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Dunbar’s number and the advice client quantum query

With the mass exodus of advisers reaching its nadir, advisers are taking on more and more clients. Dunbar's theory shows just how unsustainable this is.

As the great exodus of financial advisers continues, greater strain is being placed on the advisers who remain as they automatically inherit client books from those that have departed.

As the planning industry starts to utilize newer technologies, increased efficiency emboldens firms to take on even more clients. However, research into human psychology suggests there is physiological limit to the maximum number of clients we can handle.

According to a new study by Stockholm University, an individual human can maintain stable social relationships with about 150 people, not more. “This is the proposition known as ‘Dunbar’s number’,” the report explains. “That the architecture of the human brain sets an upper limit on our social lives”.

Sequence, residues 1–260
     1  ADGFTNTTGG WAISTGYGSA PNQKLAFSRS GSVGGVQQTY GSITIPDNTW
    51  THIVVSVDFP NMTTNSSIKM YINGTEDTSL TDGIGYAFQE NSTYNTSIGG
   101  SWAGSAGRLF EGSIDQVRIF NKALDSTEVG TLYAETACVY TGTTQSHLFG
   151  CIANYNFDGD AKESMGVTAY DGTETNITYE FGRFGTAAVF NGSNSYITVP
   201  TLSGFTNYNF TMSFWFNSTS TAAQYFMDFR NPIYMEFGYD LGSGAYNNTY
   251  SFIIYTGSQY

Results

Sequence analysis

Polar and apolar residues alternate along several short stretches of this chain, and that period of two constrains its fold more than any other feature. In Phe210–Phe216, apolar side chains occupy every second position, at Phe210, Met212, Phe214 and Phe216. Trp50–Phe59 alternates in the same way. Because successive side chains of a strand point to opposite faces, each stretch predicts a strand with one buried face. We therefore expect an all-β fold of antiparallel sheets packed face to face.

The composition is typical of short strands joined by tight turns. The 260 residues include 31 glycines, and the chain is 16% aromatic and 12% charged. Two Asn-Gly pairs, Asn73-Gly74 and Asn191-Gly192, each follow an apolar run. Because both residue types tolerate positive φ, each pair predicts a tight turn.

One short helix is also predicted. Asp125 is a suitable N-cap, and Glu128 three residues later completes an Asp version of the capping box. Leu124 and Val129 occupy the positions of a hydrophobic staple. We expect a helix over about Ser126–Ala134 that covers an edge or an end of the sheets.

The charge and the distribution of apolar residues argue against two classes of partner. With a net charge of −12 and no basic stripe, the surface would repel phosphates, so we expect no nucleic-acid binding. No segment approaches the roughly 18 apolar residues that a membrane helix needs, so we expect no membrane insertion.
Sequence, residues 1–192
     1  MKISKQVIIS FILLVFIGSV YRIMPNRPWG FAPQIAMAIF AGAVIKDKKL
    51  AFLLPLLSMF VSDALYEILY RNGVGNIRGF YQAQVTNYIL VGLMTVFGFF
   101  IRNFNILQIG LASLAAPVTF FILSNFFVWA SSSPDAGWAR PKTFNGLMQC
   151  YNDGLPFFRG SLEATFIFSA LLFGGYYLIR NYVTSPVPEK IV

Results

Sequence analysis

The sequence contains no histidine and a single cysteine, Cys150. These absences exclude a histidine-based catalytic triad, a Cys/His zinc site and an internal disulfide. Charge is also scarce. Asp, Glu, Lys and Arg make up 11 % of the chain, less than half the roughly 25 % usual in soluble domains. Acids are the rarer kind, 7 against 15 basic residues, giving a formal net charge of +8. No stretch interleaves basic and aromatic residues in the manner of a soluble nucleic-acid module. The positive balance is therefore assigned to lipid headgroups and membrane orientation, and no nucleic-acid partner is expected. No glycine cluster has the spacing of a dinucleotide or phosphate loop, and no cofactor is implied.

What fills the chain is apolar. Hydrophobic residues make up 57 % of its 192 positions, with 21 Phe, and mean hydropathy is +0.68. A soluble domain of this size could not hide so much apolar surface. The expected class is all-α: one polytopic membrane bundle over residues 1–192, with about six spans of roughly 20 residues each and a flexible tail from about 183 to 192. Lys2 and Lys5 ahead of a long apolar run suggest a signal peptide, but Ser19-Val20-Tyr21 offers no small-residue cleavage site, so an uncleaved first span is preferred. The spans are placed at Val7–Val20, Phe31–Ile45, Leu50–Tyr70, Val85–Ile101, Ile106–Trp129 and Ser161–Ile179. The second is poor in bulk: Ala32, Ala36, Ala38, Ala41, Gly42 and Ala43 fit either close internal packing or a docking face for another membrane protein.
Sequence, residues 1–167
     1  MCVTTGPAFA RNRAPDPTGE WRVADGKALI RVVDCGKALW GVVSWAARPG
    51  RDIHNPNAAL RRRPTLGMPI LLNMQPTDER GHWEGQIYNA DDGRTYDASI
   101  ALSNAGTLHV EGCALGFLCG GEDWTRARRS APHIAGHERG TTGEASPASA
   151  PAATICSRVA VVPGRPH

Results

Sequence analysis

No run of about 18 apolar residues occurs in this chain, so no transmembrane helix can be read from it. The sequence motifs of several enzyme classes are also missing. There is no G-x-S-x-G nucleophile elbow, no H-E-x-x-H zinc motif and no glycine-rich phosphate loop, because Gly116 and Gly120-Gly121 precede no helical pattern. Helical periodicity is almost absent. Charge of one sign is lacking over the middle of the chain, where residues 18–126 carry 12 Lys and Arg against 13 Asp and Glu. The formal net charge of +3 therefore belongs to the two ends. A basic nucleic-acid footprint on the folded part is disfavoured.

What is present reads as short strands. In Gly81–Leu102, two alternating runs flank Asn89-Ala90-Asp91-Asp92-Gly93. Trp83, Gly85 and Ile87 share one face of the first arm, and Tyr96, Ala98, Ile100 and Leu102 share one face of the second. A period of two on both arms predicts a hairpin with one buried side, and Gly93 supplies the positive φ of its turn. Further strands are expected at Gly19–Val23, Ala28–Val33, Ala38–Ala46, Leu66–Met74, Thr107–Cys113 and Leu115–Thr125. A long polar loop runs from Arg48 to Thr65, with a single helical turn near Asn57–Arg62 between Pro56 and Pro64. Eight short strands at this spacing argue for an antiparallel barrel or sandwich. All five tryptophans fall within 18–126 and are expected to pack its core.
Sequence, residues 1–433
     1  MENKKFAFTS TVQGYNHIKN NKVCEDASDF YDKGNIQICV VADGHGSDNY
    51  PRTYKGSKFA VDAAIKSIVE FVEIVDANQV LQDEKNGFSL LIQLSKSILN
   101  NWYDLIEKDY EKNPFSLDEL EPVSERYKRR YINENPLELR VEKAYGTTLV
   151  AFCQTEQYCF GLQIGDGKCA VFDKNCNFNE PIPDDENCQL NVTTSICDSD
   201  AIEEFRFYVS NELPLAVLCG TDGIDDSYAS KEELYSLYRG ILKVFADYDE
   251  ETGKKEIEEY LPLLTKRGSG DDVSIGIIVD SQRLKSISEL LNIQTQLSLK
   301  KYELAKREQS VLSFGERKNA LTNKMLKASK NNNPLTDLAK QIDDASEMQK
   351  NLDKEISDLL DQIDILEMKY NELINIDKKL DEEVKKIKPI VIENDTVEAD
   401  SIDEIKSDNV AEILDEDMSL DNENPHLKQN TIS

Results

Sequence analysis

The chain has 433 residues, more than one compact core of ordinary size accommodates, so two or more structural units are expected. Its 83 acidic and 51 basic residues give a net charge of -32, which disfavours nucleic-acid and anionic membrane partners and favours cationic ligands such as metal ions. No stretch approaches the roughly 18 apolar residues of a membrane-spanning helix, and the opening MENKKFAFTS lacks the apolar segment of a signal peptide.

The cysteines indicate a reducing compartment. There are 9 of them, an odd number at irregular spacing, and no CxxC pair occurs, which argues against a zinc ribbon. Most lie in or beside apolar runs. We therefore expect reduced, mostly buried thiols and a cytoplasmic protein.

• The Dunbar’s number is named after the British anthropologist Robin Dunbar, who extrapolated the correlation between the relative size of the neocortex and group sizes in non-human primates.

    Put simply, humans can only handle a maximum of around 150 relationships in total, whether it’s Facebook, personal friendships and clients. Beyond that, it becomes difficult to keep track and remember details of each relationship.

    US adviser and author Michael Kitces applied this theory to the financial planning industry, where he found the Dunbar number held true.

    In his report he found that “most financial planners, even with very efficient practices, seem to ‘cap out’ at a maximum number of clients around 100-125; beyond that point (if not before), they just can’t seem to maintain the client relationships”.

    Ishan Dan

    Ishan is an experienced journalist covering The Inside Investor and The Insider Adviser publications.

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